We want to ensure that you get the most out of this training, and so we’ll spend most of the live sessions walking through the theoretical material by applying it to a fictional medical device. We’ll periodically put you in breakout rooms so that you’ll brainstorm and apply what you are learning to something that you’ll have some familiarity with. You’ll not only see how to use threat modeling for medical devices, but also start to build templates and documents that you can leverage on your own work.

Some of the exercises we’ll do include (a more comprehensive list can be found in the training outline):

  • Diagramming a clinical decision support application that uses the same REST hosted backend as a mobile patient dashboard
  • Discussing how an attacker might gain access to an implanted device using a compromised hospital’s network
  • Evaluating threats for an implantable device, including deciding what features/integrations to build based on risk and business evaluation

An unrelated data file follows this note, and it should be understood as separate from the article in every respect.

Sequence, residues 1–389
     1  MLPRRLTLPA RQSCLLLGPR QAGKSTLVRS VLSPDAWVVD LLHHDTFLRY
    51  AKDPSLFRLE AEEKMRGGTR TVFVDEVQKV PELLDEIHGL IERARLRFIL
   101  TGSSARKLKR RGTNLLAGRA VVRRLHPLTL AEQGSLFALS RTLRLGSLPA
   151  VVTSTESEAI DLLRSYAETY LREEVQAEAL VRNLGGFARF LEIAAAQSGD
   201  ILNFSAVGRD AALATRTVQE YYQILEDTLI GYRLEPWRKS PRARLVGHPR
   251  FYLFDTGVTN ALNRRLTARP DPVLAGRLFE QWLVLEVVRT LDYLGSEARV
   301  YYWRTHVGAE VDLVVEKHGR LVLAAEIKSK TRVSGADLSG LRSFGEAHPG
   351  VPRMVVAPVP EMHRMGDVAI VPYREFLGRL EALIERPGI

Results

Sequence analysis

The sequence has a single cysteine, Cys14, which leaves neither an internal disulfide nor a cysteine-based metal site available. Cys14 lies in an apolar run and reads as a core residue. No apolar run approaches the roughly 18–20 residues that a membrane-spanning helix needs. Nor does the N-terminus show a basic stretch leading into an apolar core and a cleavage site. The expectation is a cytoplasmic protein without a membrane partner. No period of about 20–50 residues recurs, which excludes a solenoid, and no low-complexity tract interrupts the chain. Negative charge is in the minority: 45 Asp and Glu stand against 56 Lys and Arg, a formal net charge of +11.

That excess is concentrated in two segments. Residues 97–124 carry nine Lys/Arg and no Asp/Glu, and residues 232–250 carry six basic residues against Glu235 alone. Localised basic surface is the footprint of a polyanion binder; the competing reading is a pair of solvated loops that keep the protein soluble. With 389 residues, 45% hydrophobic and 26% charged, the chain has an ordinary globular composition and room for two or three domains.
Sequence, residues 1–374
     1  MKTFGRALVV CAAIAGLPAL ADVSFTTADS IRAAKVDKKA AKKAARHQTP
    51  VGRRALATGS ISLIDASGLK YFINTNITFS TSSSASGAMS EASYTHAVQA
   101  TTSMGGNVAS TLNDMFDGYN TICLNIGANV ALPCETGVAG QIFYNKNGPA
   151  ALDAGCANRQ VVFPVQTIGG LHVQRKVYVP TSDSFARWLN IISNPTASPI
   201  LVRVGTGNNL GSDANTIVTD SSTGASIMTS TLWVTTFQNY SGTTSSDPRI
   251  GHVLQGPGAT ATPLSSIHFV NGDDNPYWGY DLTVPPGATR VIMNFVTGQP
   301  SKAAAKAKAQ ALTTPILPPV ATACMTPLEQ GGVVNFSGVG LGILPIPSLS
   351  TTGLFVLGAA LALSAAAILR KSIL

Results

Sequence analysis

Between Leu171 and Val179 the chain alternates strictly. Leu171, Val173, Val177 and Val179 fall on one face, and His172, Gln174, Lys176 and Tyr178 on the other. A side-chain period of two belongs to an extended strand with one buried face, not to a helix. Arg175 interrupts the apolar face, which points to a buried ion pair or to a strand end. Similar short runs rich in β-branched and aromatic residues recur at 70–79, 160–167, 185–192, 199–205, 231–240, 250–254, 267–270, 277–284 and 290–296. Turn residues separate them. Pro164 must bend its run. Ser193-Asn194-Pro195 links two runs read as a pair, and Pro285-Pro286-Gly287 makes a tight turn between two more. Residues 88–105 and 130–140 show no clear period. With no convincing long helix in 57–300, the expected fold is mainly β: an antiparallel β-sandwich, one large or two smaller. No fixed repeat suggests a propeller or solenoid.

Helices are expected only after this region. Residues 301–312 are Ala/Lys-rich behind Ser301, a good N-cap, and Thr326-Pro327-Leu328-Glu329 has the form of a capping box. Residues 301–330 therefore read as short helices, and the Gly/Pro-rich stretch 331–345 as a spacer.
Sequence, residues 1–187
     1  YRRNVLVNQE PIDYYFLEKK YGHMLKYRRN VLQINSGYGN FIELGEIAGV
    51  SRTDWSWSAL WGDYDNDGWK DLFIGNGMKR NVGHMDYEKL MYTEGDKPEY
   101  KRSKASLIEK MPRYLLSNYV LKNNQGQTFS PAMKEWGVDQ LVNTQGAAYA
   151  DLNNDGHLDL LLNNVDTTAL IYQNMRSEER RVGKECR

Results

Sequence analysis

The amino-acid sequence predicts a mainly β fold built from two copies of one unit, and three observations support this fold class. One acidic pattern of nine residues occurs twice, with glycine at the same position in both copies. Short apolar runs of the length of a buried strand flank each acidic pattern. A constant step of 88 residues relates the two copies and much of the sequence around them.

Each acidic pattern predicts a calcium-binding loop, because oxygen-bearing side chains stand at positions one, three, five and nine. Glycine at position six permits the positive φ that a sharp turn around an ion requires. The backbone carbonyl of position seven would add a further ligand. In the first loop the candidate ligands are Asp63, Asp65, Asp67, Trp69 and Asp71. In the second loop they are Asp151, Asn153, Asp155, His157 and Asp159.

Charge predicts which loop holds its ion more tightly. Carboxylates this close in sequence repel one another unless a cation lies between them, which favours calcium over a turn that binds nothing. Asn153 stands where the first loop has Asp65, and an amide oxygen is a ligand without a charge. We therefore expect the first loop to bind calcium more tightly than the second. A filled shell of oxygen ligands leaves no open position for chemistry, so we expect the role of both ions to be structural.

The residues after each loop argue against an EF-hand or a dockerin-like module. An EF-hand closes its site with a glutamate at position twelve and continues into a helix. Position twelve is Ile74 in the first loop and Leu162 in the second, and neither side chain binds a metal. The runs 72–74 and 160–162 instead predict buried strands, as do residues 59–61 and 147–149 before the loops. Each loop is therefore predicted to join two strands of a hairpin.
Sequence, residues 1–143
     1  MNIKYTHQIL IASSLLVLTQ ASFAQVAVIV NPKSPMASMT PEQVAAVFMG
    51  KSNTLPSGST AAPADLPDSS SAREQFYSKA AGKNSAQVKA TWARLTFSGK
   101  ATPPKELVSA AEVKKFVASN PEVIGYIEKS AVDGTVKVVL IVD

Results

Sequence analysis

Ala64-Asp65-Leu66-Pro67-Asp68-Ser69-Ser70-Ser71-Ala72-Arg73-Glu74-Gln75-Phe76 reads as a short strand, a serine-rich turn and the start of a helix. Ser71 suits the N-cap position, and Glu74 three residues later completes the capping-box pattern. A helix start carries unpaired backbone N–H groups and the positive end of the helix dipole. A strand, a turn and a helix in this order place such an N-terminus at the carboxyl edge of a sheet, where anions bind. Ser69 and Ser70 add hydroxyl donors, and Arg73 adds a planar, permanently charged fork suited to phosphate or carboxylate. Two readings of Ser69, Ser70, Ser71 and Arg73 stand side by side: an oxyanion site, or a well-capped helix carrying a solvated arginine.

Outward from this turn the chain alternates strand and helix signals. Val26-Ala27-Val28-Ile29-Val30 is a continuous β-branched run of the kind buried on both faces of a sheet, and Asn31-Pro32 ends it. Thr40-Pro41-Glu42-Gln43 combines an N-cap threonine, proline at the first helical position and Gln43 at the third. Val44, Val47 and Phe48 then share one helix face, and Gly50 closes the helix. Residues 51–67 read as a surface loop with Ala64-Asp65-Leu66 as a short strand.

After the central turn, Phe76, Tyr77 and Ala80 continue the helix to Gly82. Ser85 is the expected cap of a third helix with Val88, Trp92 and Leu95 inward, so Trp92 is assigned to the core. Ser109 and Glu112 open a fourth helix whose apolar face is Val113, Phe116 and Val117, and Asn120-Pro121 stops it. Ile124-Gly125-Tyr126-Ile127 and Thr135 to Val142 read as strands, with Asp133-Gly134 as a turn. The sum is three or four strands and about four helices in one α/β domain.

• Building parts of the regulatory submission for FDA using the results of a threat model


As we go through each stage of the threat modeling process, we’ll link it back to regulatory requirements so you can see how this will directly impact your submission materials. Our ambition is that you’ll see how much threat modeling can help you with regulations and ensure your devices leverage secure architecture.

Finally, you’ll be asked to create your own threat model after the live labs. You’ll be able to do this using what you’ve learned combined with templates that we’ll provide you of the scenarios discussed. We’ll then review those threat models individually with you approximately one month after the live sessions and answer any questions you might have about regulatory requirements.

End product

In addition to all of the learning you’ll do, you will also receive the following:

  • One year of access to the e-learning platform, including all updates to training materials